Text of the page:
Below you will find a list of policies and documents that schools must produce around the area of Special Educational Needs and Disabilities (SEND) and Equal Opportunities.
Clicking on the links below will take you to a new page detailing our guidance in that area.
Further down the page we outline the main changes that are happening because of the government's policy of increasing options and improving provision for children with special educational needs (SEN)
The law on special educational needs and disability (SEND) changed on 1 September 2014. A new SEND Code of Practice has been published.
The law changed to improve the support and opportunities for children and young people with SEND, and it affects how schools assess, plan and provide for those children and young people.
Briefly, the new law on SEN and disability:
Schools will need to review and update their existing policies and procedures in relation to SEN.
Schools need to ensure that they have an accessibility plan and review it in light of the changes to the SEN system. The plan can be a freestanding document, or it can be incorporated within another plan, such as an equality plan.
A school's accessibility plan should be reviewed at least every three years.
The governing body is free to delegate approval of the plan to a committee of the governing body, an individual governor or the head teacher. The requirement for an accessibility plan is driven by the Equality Act 2010 and the Disability Discrimination Regulations 2005 (Prescribed Times and Periods for Accessibility Strategies and Plans for Schools) (England).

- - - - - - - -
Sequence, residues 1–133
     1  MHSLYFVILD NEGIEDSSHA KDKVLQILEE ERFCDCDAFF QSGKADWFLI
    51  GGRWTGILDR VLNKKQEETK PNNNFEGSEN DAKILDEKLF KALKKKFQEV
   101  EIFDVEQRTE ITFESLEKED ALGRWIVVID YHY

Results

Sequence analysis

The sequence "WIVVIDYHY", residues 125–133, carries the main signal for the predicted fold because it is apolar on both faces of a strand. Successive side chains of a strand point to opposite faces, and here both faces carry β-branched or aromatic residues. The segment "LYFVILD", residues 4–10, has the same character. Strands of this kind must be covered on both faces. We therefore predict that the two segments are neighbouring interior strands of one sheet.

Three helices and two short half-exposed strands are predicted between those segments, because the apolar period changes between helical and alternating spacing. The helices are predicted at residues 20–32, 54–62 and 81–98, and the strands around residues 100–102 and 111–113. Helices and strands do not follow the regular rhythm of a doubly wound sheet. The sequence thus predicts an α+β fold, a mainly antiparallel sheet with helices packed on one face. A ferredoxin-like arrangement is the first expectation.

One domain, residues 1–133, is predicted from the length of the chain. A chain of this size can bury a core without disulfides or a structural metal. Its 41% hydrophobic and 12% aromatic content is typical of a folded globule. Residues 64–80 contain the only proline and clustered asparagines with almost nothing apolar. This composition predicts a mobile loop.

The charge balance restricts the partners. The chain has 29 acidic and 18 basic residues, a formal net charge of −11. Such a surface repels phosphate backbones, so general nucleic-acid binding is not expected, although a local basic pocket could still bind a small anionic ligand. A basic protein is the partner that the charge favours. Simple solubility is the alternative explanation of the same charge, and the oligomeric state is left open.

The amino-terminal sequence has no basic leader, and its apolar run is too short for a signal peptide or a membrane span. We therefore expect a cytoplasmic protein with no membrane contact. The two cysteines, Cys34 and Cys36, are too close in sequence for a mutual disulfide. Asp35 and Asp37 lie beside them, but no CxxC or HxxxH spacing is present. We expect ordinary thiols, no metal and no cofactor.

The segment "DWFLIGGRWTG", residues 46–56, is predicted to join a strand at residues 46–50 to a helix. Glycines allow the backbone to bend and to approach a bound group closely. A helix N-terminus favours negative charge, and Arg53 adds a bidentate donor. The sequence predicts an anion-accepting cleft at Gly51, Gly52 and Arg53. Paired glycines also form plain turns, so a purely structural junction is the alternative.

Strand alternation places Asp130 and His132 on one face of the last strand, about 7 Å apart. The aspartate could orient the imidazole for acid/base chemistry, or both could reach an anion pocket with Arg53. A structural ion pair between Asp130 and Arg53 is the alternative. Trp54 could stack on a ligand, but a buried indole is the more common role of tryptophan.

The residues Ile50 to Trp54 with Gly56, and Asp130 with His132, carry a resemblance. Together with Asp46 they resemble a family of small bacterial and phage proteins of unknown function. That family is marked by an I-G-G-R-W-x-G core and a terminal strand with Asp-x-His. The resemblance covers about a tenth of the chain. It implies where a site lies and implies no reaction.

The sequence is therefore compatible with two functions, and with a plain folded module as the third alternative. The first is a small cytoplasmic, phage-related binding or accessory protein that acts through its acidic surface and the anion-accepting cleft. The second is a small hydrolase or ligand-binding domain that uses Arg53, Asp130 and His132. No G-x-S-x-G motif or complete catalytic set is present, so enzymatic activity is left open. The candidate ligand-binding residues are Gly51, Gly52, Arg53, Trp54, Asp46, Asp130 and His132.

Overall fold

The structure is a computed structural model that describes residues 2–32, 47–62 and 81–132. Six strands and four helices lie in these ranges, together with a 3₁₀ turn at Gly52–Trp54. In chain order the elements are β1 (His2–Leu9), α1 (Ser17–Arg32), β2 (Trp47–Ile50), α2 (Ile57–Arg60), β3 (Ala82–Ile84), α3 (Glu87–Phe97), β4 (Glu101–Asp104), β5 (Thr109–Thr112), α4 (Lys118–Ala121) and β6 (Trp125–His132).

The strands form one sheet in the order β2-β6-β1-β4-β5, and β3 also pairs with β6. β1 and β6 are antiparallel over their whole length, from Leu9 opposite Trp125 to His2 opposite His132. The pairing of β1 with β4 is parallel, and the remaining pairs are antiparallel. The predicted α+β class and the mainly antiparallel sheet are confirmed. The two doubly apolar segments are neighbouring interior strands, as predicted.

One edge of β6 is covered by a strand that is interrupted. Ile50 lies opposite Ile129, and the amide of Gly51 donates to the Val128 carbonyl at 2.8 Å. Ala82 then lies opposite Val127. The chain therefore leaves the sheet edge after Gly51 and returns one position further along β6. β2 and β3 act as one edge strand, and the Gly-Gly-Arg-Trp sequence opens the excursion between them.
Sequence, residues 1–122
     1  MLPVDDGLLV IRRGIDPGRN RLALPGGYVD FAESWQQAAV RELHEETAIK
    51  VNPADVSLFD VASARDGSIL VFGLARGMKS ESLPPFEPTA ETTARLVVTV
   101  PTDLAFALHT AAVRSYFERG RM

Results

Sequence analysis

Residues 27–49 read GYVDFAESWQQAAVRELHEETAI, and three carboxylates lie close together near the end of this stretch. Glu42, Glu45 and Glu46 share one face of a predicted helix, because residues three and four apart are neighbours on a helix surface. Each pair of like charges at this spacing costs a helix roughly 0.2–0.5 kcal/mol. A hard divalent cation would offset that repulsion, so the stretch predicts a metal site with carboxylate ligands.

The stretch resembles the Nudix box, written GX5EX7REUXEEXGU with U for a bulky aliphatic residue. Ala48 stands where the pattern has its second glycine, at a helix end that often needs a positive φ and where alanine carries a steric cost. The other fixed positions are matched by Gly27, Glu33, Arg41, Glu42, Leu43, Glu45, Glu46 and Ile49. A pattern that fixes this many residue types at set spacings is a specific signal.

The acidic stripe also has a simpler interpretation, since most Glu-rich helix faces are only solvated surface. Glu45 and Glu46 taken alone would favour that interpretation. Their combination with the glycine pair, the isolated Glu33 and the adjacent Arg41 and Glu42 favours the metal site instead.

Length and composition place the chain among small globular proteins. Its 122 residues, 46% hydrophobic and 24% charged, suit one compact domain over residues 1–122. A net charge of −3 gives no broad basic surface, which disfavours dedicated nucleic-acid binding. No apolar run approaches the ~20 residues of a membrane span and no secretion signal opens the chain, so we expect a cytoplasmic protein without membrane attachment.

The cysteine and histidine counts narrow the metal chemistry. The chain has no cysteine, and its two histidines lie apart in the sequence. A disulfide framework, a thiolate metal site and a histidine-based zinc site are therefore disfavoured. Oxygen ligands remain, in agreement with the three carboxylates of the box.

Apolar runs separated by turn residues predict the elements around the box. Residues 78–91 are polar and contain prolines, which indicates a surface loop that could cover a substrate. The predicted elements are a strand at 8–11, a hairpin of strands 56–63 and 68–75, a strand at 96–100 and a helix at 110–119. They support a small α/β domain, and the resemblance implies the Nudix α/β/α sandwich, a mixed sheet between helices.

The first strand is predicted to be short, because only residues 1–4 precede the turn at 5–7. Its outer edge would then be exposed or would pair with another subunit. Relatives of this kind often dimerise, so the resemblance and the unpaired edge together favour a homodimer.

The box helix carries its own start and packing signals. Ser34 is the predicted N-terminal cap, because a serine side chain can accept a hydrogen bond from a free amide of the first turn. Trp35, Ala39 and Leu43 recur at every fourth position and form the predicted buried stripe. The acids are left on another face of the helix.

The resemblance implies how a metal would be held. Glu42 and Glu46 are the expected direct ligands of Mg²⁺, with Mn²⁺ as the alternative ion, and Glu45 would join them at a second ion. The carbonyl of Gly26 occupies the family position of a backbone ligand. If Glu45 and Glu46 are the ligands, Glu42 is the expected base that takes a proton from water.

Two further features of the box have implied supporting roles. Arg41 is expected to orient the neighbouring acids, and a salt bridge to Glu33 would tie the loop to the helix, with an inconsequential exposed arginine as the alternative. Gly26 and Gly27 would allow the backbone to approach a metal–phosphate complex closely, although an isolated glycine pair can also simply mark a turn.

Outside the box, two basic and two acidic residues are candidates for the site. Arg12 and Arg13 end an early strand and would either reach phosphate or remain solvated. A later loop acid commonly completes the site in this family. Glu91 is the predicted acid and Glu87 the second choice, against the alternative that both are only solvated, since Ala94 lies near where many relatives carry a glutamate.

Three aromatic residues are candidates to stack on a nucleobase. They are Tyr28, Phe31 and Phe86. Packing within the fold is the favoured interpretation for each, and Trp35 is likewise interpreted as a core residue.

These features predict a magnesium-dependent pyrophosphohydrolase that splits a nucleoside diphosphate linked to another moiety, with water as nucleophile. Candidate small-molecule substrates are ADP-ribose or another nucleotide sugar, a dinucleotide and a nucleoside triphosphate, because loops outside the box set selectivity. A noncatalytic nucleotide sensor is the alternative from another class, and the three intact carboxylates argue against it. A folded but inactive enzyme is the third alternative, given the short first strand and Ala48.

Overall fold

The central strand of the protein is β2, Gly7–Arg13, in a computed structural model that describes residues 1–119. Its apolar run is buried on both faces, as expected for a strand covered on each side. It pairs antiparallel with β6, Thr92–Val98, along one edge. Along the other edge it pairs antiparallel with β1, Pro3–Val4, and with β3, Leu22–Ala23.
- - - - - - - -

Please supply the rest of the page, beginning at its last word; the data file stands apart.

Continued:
The equality information and objectives statement should be reviewed at least every four years. The governing body is free to delegate approval of the statement to a committee of the governing body, an individual governor or the head teacher. During the review process equality objectives should be drawn up. Schools are then required to publish information annually demonstrating how they are meeting the aims of the general public sector equality duty.
The requirement for an equality information and objectives statement is driven by the Equality Act 2010 and the Equality Act 2010 (Specific Duties) Regulations 2011.
The Department for Education (DfE) has specifically produced advice for schools on the Equality Act 2010.
The Equality and Human Rights Commission's mandate is to challenge discrimination, and to protect and promote human rights. They have produced guidance for schools and further education providers.